The North Face of Mount Kitchener
CHRISTOPHER A. G. JONES
“IT looks bad … it’s a steep mother”. “Yeah, you won’t catch this baby up there”.
Chouinard, Faint and I scratched ourselves, shook our heads knowingly, got back in the old Chevy and headed up to the Columbia Icefields.
“What peak is it anyway?”
“I think it’s the Snow Dome, but I’m not sure”.
In 1970, three years later, I was in Canada again. Once more we stopped at the Tangle Creek turn-out and gazed at the gruesome wall. It still looked bad, but now we knew its name: Mount Kitchener. I was definitely interested in a closer look, but had other climbing plans for that year. On my return to the States I heard that George Lowe and his cousin Jeff had been on the face but were turned back by rockfall. The face was becoming known; we had to move soon.
In 1971 Gray Thompson and I made another trip to Canada and now Kitchener stood out as our obvious first choice. Not only was it, perhaps, the last of the major unclimbed faces along the Banff-Jasper highway, it was quite possibly the finest of them all: “the greatest of the roadside crags” as we dubbed it.
During early July the rain and snow fell pitilessly, but an optimistic weather report soon had us camped on the moraine beneath Kitchener. The face was so plastered in snow that we decided to allow a day for the worst of it to slough off. In the early afternoon an avalanche swept the center of our route, which, we reasoned, now made it safe. The route appeared to have three sections — a lower-angled area to the top schrund, a long ice slope, and the fearful ice gully at the top. By going very light and without bivouac gear and by relying on front pointing, we hoped to climb the face in a day and bivouac on the descent. Due to the rockfall problem we chose the left of the two ice couloirs and set the alarm for midnight.
For me there is an almost magical atmosphere in early alpine starts. I cannot help feeling a common bond between all the other climbers who are also setting out in the cold morning with us. Perhaps in Peru, Alaska, the Tetons or the Sierra Nevada. We are all part of this strange mystique, just as surely as it is part of us.
The early sun reached us as we began climbing in earnest. We realised later that we had crossed the top schrund too far to the left and were having to climb steep ice instead of the lower-angled central part of the face. On the rock powder snow had to be cleared off all the holds and the protection was less than bad. Finally we reached the main ice slope and found incredibly hard black ice. Swinging the ice axe from one hand and an ice hammer from the other we clawed our way up. This was so mentally and physically exhausting that we edged towards the rock buttress splitting the two ice slopes. Our proposed ice gully gave no signs of leaning back, but rather looked worse and worse and, to add to its horrors, the most significant rockfalls came spitting and whirring out of its icy guts. In contrast we were now at the foot of the rock buttress, which would at least be safe from rockfall from above. We had noticed snow on the buttress, and so decided that it was fairly low-angled; little did we know. Route-finding by the “lesser of two evils” approach, we chose the buttress and were immediately slowed down as we struggled with a mixture of steep rock, ice, rotten rock covered by snow, snow mushrooms, general difficulty and poor protection. I believe they call it “mixed climbing”. Time dissolved and a bivouac was inevitable. All the ledges were piled with spring snow, but here Gray had a master stroke — instead of clearing a ledge we would dig a snow hole. This not only kept us busy-until 11 o’clock, it also conserved much of our meagre heat supply. We shivered a large part of the night, rubbed each other’s feet the rest. It was pretty grim, yet without our hole it would have been a lot grimmer. A night to remember!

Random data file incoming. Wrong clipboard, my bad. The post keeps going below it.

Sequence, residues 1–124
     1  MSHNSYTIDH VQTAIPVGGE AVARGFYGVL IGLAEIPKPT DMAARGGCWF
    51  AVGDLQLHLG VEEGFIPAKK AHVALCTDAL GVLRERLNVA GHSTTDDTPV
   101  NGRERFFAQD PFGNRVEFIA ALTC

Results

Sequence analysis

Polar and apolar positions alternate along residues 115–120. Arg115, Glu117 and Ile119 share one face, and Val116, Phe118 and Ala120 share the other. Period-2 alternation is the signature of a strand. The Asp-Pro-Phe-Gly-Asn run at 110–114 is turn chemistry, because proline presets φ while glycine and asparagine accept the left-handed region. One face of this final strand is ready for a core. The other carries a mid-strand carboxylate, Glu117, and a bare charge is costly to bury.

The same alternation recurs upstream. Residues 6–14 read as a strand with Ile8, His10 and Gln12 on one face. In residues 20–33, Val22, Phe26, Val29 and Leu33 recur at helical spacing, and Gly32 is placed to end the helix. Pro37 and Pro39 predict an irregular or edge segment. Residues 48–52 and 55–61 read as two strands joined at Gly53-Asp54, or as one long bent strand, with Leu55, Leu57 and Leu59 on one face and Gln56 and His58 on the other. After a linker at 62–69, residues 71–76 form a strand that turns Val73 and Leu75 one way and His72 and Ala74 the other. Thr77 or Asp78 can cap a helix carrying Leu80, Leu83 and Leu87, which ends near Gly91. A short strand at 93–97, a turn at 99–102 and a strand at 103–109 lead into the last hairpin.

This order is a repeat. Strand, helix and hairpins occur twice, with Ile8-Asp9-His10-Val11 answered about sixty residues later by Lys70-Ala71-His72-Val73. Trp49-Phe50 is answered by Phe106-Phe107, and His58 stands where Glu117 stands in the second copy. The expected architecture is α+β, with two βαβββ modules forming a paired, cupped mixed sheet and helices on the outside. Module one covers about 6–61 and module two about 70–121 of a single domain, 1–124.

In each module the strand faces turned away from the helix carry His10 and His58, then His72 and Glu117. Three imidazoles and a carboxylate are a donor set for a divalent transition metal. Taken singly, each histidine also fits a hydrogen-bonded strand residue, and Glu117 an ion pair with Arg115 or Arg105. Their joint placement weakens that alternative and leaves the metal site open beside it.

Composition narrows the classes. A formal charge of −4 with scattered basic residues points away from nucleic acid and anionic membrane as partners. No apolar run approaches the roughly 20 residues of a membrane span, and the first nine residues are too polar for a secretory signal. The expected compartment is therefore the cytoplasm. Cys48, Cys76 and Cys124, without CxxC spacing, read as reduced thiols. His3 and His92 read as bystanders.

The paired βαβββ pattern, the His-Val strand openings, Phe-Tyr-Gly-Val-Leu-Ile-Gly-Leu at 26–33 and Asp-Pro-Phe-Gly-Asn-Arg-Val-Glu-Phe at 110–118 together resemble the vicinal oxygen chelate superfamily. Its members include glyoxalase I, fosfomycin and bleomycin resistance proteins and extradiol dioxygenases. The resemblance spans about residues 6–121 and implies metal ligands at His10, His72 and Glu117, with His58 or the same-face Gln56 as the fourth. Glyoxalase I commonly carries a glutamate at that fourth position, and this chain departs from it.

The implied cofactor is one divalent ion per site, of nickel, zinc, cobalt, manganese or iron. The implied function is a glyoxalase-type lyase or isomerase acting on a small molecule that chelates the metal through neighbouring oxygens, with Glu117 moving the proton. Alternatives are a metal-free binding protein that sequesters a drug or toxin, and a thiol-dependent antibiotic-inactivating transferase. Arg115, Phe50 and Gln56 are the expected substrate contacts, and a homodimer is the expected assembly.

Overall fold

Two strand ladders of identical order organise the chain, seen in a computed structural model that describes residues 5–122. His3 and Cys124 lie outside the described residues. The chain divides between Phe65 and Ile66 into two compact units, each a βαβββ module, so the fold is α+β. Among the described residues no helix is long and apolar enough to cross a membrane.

Ahead I kept believing the next step would see us over the worst, but it never did. The buttress consisted of vertical pillars interspersed with ledges, the whole often loose and plastered with snow and ice. Some rock pillars had no cracks, forcing us to traverse, while the ice was often too thin to take pitons. This was some of the most demanding climbing we had ever come up against. To add to our problems our original supply of rock pins had dwindled to half and now stood at three. In the mid-afternoon I led up an ice chimney, continued on steep ice and finally placed my last rock pin in shattered rock, leading thirty feet to a smooth, crackless wall. My plan was to use a snow cornice that lay against the wall and chimney up between wall and cornice. Happily the total lack of protection and shaky nature of the enterprise caused me to go back, belay, and wait for Gray and the other two pitons. Gray climbed to my high point, tried the moves, and then gave me a resigned look, “Chris, there’s no way we can make this lead — it just won‘’t go”.
We were beaten by sheer difficulty. It was impossible to go on. Well, let us say impossible for us. Now Cesar would probably have hung in there, would have gaind strength with each successive bolt and piton. But not old Gray and I — we were just two likely lads with a handful of pitons, two candy bars and an ice axe. Old timers. Alpine Club types. It was home for us: if we could make it.